Told, like all of Little Jinx, entirely from the self-deprecating perspective of the protagonist, the episode of Nikolai’s death invites the reader to contradict the unfortunate misfit in his assessment of blame. Celebrating his captain’s commission, Nikolai throws a party aboard his new ship. Drunkenly, he grabs his seven-year-old stepbrother’s puppy and flings it overboard, bragging that he “will make a sea wolf out of him.” Little Jinx, however, jumps in the sea to save his pet. His example sends Nikolai’s fiancée after him, and she is followed by the shamed captain, whose head hits the ship’s anchor, killing him. Shaken, Little Jinx tells of his mother’s reaction: “[M]y mother, wringing her hands, pronounced for the first time: ‘You are to blame for everything! You killed your brother!’” With unambiguous clarity, Tertz establishes the moral tone of Jinx’s narrative: Throughout his marginal life, the little fellow will take all blame squarely on his thin shoulders, more than once bringing a tear to his readers’ eyes.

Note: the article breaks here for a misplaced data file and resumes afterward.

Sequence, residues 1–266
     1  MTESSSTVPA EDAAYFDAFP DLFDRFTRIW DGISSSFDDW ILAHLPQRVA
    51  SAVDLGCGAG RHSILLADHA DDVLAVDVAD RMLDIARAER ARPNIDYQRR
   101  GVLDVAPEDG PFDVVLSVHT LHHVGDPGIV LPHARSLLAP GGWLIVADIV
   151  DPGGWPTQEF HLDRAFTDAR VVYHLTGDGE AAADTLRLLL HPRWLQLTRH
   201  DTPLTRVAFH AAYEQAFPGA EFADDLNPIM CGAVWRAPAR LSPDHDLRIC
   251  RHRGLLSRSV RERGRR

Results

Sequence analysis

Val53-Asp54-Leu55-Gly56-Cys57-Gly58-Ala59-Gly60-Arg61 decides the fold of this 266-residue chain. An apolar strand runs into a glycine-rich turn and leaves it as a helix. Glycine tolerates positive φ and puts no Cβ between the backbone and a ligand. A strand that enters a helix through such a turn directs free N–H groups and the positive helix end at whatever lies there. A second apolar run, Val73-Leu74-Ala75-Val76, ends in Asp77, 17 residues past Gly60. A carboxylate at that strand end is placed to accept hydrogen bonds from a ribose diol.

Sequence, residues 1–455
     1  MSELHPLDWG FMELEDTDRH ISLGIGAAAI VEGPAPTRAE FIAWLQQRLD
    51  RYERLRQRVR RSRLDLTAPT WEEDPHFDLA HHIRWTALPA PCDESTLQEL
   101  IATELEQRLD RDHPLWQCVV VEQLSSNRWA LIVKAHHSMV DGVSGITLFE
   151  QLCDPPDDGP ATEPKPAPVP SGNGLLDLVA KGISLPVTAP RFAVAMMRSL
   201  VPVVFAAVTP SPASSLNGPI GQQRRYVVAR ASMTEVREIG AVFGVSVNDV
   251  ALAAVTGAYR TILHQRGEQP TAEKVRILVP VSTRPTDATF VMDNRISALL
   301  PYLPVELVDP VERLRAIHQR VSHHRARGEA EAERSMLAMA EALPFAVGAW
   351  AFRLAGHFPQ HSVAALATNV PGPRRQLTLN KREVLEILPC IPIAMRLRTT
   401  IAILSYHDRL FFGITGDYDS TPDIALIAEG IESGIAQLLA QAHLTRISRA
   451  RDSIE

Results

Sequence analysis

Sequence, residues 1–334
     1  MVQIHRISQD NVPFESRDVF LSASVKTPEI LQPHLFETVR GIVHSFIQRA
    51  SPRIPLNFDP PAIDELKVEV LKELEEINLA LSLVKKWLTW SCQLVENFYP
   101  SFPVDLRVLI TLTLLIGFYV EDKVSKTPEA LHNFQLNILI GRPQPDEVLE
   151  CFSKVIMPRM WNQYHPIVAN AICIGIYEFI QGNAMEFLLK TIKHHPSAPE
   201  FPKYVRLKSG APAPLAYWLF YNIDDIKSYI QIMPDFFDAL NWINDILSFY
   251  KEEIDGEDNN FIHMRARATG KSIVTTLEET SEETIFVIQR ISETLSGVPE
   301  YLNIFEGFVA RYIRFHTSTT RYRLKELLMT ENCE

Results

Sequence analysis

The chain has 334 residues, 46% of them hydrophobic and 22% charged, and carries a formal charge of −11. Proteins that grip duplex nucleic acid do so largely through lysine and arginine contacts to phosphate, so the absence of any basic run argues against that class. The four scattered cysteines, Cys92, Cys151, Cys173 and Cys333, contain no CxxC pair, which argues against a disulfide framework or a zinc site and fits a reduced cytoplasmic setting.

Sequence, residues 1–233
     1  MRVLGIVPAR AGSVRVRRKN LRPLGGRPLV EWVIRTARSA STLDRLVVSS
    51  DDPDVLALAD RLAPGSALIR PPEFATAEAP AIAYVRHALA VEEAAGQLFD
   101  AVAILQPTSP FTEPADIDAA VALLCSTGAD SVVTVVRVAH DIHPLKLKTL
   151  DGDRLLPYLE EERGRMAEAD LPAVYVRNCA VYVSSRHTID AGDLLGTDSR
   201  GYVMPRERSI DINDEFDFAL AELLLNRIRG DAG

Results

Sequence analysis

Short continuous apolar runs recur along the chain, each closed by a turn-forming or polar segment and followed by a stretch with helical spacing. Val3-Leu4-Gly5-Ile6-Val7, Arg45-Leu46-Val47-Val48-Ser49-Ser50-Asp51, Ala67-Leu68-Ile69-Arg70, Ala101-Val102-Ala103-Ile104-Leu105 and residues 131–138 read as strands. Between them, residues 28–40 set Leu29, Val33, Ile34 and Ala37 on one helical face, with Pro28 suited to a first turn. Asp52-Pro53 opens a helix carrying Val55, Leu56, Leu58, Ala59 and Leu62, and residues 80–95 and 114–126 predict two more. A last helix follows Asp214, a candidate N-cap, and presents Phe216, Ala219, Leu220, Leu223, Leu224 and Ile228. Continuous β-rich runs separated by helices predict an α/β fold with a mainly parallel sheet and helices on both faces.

Three more of Sinyavsky’s brothers are done in by their own fatal reactions. Rather than blaming the little runt, Tertz’s tale suggests, the reader should look at the circumstances of (Soviet) life and the roots of evil in twentieth century history. In a pointed allusion to the atrocities of Stalin’s regime, Pavel Likhosherst is sent to his death after he is overheard complaining to an inappropriately optimistic Little Jinx about the hard fate of the laborers on the collective farm he supervises. During World War II, a telegram intended for his stepbrother sends Colonel Vasily Likhosherst to his death at the front days before his leave is over. Little Jinx’s guilt over the misaddressed telegrams pales, Little Jinxsuggests to its readers, in comparison to the evil of Adolf Hitler. The Nazi dictator’s decision to launch war against Joseph Stalin, his partner in crime in the destruction of Poland, is the true cause of Vasily’s untimely death.